Burnishing its Islamic credentials is unlikely to do PAS any harm. The only certain winner, though, is the gold market. Although small, the scheme will help to increase demand, pushing up prices even further.
And for those who think that the move is a regional hoax that is not being taken seriously by anyone, the Malaysian National News Agency Bernama notes that the repercussions of the “move to gold-standard” decision has reached the very top:
Only Bank Negara Malaysia (BNM) can issue currency that is legal tender, said Prime Minister Datuk Seri Najib Tun Razak.
Unlike the US, where the Coinage Act of 1965 gives citizens the right to use refuse the usage of cash in transactions (and thus opt in for a different form of currency), Malaysia is not quite as liberal:
Commenting on the Kelantan government’s introduction of gold dinar and silver dirham as an alternative currency in the state, Najib said BNM would be looking into the matter to see if any laws had been broken.
“Follow the laws of the country, only Bank Negara is authorised to issue currency that is legal tender,” he told reporters after handing over Ramadan aid to mosque and surau from the Pekan parliamentary constituency here Saturday.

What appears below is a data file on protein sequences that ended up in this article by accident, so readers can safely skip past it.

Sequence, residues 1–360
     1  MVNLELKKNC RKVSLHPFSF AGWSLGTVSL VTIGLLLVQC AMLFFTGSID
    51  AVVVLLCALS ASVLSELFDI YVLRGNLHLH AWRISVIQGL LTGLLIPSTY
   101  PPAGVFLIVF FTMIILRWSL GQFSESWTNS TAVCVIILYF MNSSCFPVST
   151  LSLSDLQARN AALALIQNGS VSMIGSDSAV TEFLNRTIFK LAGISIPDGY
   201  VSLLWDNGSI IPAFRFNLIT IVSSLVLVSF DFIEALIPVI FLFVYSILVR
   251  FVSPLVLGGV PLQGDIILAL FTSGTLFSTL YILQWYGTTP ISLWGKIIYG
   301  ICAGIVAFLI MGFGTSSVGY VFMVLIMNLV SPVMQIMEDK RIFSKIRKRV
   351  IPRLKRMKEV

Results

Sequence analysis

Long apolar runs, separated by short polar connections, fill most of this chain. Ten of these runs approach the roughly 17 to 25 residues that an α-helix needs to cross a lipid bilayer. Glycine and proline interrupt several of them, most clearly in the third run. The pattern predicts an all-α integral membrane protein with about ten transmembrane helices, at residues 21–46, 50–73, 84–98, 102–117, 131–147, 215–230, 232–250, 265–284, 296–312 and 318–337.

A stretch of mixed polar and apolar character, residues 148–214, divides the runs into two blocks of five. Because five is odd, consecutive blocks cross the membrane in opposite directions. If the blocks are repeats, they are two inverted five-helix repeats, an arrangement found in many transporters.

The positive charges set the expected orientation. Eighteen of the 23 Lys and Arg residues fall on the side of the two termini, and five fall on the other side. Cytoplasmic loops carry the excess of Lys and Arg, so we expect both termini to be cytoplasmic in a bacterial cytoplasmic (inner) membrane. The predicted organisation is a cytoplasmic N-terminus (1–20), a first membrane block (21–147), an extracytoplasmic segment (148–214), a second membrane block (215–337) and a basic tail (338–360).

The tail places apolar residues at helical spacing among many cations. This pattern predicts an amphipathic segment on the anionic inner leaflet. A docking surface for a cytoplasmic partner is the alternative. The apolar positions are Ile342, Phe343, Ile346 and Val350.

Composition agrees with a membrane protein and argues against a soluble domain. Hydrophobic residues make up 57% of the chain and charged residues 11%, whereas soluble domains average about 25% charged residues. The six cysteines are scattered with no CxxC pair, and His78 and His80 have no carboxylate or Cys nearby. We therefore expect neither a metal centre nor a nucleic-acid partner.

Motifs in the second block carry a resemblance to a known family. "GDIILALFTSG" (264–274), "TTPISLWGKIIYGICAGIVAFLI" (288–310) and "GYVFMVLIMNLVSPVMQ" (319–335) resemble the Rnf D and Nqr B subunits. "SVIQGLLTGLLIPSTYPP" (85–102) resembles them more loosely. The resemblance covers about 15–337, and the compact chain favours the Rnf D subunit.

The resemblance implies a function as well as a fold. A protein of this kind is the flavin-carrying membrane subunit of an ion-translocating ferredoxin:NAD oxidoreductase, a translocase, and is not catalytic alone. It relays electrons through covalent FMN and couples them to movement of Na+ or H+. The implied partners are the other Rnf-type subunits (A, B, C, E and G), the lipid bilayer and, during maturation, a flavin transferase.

On Thursday, when launching the Syariah currency, Kelantan Menteri Besar Datuk Nik Abdul Aziz Nik Mat had said the state would strive to expand the use of the gold dinar and silver dirham in all transactions, including paying civil servants’ remuneration.
However, he said there were still many technicalities that had to be addressed by the state government over the use of the currency.
The New Straits Times in its front page today said BNM had stated that only it had the right under the law to issue currency in Malaysia.
If there is one thing we are sure about, is that any time the government steps in before a decision that has been taken by a clear majority, with the purpose of making life easier, the outcome is usually lethal, especially in volatile Islamic countries. Whether the transition from paper to a hard-backed currency will be the first spark in social upheavals as government slowly realize all their printer-induced leverage is slipping away, is still unknown. What is, however, is that many more will soon follow Kelantan’s lead to abolish an endlessly dilutable thought experiment, which has no intrinsic value, and whose purchasing power is decimated by the minute, as hundreds of billions in new money are printed every month by the world’s central banks. Yet perhaps, this is precisely the example that is needed for the world to realize that someone is actually willing to do more than just talk pointlessly about the transition to a gold standard, and actually is willing to risk enough by following through with it. What happens next is Ben Bernanke’s worst nightmare.
This article was posted: Wednesday, August 18, 2010 at 3:57 am